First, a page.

Life is full of ups and downs. You find brilliant opportunities, meet wonderful people, and enjoy marvellous experiences. You, however, may also find yourself in tricky situations and encounter stresses both social and financial that you will need to find your way out of. This article will consider the ‘downs’, or rather a method of diluting the impact of tricky financial challenges, namely an emergency or rainy day fund.

What is an emergency fund?

An emergency fund is fundamentally a pot of money that you have set aside for when you encounter difficult financial situations, say for instance your car suddenly breaks down or you lose your job. It provides a cushion for you to fall back on to help rectify your situation, or to support your basic expenses while you build yourself back up. A need for this was felt especially during the COVID-19 pandemic, where many were suddenly laid off or had new unexpected expenses. A good way of thinking about it is like an insurance policy, but rather than paying premiums to a company, you are paying yourself money to use at a later date, that is free from the restrictions that may be involved with pension and investment funds. In terms of how much you want to have available, the common rule of thumb is around 3 months of living costs, meaning that in the worst situations, most notably losing your job, you can get through a couple months without any income.

What are the benefits of it?

Emergency funds work as a safety-fall-back when things go wrong, giving you room to breathe financially. As such, the key benefit is reducing stress, allowing you peace of mind, especially when making tough and significant life decisions. It allows for more confidence and means you are not left vulnerable if something were to go wrong. As well as this, it is helpful in promoting good saving behaviours. In building up your emergency fund, you will formulate beneficial habits that will stay with you throughout your life. Being able to save and put aside money is key to any major point in your life, whether you are saving for a house or saving for retirement. Finally, it is key to avoiding debt. Many who find themselves in a difficult situation without an emergency backstop often turn to risky solutions, whether taking out loans or using high interest credit cards to get them through. Unfortunately these can come with significant liabilities. Thus, having an emergency fund is a valuable tool to avoid these pitfalls.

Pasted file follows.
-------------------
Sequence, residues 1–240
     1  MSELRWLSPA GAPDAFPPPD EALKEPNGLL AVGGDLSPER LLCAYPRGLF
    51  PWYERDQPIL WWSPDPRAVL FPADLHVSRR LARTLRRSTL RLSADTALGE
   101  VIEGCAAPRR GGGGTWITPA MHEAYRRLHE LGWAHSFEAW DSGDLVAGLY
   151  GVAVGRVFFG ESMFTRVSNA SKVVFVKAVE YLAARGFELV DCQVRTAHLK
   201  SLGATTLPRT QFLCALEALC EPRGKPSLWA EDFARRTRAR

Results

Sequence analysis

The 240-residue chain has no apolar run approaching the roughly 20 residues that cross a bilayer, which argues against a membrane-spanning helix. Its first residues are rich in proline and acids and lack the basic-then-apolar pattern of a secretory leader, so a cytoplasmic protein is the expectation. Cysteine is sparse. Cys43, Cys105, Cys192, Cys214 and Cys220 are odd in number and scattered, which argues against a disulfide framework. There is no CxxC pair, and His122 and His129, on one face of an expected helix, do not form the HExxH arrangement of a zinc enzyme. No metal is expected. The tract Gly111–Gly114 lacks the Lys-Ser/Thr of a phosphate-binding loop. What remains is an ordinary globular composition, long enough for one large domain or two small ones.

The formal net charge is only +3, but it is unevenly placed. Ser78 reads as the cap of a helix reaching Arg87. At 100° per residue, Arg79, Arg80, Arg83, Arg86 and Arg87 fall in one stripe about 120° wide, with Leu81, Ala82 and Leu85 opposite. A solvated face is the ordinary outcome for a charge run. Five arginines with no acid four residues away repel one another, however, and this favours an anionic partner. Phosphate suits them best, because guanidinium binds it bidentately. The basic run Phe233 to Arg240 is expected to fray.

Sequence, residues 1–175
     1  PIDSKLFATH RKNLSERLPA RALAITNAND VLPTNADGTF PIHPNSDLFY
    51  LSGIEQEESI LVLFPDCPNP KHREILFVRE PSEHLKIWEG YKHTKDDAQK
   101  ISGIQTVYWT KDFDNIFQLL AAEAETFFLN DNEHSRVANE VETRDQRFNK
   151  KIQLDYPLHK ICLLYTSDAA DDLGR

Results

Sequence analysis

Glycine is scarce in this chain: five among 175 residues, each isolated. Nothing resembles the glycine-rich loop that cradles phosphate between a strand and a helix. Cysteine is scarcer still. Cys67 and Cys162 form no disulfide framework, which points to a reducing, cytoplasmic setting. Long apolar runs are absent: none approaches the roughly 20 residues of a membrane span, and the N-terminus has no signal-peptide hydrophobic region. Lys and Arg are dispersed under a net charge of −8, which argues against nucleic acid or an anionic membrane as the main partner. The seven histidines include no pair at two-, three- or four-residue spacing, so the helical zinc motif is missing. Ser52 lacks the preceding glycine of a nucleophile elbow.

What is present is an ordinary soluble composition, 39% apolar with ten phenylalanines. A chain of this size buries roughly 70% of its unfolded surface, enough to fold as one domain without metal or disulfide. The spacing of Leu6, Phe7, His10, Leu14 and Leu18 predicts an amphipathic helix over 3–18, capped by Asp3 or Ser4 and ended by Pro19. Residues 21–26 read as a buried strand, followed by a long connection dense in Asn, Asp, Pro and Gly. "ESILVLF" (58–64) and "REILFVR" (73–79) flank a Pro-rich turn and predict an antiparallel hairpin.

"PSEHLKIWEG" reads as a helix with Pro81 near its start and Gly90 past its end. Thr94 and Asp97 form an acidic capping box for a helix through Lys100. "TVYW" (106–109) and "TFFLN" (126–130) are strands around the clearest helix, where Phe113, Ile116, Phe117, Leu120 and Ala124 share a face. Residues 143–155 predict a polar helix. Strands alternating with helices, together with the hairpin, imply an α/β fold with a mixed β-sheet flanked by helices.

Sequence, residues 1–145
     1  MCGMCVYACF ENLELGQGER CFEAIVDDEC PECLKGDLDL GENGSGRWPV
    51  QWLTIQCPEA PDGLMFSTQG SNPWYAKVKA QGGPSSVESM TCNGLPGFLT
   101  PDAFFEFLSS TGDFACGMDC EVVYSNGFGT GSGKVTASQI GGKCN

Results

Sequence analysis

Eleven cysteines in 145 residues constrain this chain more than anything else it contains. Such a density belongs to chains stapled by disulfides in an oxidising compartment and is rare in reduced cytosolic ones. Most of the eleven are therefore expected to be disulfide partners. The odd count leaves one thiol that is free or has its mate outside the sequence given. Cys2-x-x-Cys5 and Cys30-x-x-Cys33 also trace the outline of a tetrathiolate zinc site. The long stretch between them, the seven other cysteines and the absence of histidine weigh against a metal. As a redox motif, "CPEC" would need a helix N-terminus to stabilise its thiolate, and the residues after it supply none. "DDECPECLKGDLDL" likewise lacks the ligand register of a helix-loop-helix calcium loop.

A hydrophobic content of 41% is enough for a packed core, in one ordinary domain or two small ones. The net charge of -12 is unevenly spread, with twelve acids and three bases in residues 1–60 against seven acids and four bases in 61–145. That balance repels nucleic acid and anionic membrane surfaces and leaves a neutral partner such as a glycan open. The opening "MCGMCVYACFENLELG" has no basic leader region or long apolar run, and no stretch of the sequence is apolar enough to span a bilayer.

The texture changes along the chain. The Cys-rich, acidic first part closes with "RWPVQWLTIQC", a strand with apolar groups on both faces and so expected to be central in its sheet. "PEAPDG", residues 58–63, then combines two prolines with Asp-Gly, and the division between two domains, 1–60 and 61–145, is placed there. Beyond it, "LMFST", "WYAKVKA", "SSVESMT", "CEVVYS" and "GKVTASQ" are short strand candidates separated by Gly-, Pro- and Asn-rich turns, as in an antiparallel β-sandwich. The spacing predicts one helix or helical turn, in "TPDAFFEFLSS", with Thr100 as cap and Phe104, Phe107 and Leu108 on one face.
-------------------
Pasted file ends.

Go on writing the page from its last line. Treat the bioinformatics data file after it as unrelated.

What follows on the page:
What is the best way to build it up?

The key to saving can simply be little and often. Getting in the habit of putting aside a little bit every month will be invaluable to creating an emergency fund. An idea could be to set up a direct debit that will transfer money each month to a separate savings account, allowing for regular build-up of the fund. Keeping the money in a separate account is crucial to avoid spending the money on a whim. We are unfortunately all guilty of spending money foolishly, and placing it in a separate place will keep it out of sight and out of mind.

To conclude, an emergency fund is an invaluable tool to keep you out of harm’s way. Life is unfortunately full of ups and downs, and we will likely all inevitably find ourselves in a tough spot at some point in our lives, whether it is losing your job, splitting up with a long-term partner or your car suddenly breaking down. It will allow for peace of mind and give you confidence when approaching major life decision, especially since you will know you have a fail-safe if things turn sour.

Talk to one of our expert financial advisors today, to discuss your pension planning and achieving your ideal retirement outlook.

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